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Tuesday, January 14, 2003

Adding God to the UUA's Principles?

Yesterday's Fort Worth Star-Telegram says that the Rev. William G. Sinkford, president of the Unitarian Universalist Association, announced plans to push for a revision of the UUA's Principles during a speech at the First Jefferson Unitarian Universalist Church in Fort Worth, Texas. The newspaper reports that Sinkford believes the absence of the word "God" from the Association's covenant statement "reduces the document's effectiveness in comforting people and also puts the denomination out on the fringe of religious life in America."

Sinkford says he believes that adding "God" to the denomination's principles would help attract members and would also increase the denomination's influence in world affairs.

Aside from the questionable assumption that God would improve the UUA's public relations, just how explicit was Sinkford's call for a revision, or for specific changes to the language? The article is short on direct quotes. (The two above are the reporter's summaries.) The most substantive statement directly attributed to Sinkford is this:

"We need to be able to say Unitarian Universalists believe there is one God, and that God is a loving God who would condemn no one out of hand."

Sinkford's affirmation is clearly consonant with the Unitarian and Universalist theological traditions, but he knows that Humanism provides the common theology of contemporary liberal religion. Spiritual openness characterizes most UU religious humanists today — but theism does not. Amending a statement won't change the common theology, unless it drives a whole lot of people away.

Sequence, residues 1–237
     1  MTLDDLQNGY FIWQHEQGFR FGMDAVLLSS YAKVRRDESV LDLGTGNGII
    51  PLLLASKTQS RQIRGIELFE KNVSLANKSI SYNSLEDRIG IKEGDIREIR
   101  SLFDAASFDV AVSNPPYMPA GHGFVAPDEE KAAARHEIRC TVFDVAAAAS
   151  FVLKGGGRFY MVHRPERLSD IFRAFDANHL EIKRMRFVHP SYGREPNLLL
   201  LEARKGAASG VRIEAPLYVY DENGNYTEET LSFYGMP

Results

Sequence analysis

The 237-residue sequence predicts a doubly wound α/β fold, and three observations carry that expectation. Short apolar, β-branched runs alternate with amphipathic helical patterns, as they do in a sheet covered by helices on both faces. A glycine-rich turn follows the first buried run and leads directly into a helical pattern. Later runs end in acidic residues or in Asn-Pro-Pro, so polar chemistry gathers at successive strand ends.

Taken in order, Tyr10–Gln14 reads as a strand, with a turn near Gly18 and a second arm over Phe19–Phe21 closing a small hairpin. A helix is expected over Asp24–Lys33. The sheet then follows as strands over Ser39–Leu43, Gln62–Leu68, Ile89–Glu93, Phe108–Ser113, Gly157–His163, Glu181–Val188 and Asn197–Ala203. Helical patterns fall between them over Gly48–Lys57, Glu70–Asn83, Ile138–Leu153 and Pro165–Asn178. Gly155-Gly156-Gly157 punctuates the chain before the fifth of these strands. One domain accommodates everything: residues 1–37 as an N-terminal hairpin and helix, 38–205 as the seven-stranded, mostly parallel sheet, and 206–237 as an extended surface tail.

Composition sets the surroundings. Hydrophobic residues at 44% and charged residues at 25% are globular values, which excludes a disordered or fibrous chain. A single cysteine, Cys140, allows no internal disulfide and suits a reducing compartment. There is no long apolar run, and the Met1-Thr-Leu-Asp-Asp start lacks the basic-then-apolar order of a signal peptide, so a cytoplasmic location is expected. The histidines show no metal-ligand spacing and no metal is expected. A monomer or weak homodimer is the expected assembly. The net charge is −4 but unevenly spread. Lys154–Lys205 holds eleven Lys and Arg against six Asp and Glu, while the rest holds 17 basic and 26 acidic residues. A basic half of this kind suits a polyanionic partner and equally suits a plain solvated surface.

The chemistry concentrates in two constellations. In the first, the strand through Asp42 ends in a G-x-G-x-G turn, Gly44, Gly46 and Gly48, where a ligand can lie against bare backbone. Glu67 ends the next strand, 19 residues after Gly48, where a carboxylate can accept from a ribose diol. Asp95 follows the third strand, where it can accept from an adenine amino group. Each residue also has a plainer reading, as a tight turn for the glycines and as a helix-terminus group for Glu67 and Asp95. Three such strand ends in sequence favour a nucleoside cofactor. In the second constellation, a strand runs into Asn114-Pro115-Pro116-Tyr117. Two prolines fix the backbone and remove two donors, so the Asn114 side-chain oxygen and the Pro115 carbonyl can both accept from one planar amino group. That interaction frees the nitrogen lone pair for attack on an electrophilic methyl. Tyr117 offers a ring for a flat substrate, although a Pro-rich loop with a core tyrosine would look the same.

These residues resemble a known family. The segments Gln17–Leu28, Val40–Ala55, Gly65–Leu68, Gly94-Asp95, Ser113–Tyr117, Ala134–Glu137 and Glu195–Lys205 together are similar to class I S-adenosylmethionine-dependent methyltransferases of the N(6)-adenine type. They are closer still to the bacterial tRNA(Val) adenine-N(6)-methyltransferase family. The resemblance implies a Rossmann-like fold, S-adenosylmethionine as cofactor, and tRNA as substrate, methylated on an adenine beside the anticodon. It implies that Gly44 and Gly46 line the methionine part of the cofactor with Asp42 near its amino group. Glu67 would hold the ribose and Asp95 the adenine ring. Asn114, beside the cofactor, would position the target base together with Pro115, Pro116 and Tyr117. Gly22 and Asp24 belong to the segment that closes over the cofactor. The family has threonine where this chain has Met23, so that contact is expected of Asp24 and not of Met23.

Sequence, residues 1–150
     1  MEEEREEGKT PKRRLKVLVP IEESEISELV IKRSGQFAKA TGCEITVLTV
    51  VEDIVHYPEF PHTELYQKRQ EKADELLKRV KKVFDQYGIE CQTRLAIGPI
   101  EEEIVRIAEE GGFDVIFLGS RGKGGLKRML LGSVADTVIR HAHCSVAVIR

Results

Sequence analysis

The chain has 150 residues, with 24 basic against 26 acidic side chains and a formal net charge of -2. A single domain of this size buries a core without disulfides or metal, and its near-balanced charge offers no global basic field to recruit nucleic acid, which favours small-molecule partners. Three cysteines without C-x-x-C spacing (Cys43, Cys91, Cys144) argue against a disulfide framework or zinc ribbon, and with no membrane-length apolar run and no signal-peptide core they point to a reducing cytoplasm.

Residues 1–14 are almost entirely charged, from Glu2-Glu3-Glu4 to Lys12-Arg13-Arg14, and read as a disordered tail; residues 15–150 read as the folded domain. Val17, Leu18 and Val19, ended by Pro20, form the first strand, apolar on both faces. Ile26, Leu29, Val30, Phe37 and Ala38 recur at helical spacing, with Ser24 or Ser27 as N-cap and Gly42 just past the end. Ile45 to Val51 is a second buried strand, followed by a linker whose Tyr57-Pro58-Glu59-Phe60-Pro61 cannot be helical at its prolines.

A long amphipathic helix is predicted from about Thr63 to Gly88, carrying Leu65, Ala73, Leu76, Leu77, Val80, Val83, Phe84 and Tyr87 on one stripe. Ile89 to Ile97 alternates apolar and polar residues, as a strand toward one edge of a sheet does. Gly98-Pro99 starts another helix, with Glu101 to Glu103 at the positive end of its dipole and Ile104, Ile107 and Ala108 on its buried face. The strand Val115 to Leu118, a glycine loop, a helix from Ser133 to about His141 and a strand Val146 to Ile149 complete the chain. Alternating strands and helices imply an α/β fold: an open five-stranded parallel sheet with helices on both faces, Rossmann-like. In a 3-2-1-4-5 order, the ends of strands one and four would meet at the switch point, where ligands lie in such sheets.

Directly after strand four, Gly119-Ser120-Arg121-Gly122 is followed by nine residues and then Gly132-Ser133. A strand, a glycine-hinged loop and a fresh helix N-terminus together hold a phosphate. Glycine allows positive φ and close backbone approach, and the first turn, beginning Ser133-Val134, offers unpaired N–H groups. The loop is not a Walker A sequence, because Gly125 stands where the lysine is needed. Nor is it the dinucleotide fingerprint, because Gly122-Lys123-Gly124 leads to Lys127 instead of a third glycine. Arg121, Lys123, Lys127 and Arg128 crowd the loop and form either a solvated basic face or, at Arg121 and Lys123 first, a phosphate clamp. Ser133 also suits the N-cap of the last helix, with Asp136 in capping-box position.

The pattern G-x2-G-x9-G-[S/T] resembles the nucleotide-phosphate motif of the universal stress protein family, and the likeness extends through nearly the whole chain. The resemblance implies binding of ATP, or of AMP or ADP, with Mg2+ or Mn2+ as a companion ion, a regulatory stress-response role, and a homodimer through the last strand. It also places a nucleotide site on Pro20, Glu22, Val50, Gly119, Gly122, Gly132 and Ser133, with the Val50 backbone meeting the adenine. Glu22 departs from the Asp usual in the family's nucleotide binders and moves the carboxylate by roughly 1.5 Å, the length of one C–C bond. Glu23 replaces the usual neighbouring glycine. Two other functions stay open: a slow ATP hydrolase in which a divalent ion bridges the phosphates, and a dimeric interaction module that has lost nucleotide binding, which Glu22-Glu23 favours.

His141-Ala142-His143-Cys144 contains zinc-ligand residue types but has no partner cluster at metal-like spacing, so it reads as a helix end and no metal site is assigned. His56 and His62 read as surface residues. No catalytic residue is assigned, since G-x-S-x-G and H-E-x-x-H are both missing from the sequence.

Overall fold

But the really interesting news comes at the end: "Sinkford said the statement of principles adopted in 1984 was supposed to be reconsidered after 15 years. He will ask trustees to reassess the statement during a national convention in June."

It's true. See the UUA Bylaws, XIV.C-14.1(c), paragraph 4:

If no review and study process of Article II [yup, the "Principles and Purposes"] has occurred for a period of fifteen years, the Board of Trustees shall appoint a commission to review and study Article II and to recommend appropriate revisions, if any, thereto to the Board of Trustees. The Board of Trustees shall review the recommendations of the study commission and, in its discretion, may submit the recommendations of the study commission to the Planning Committee for inclusion on the agenda of the next regular General Assembly.

The last revision of Article II was in 1984, so considering a revision is now in order. Any revision would require congregational review and at least two General Assemblies, so no one needs to panic. Sinkford may just have boosted the Commission on Appraisal's current study topic to even greater significance: "Where is the unity in our diversity?"

Copyright © 2003 by Philocrites | Posted 14 January 2003 at 2:13 PM

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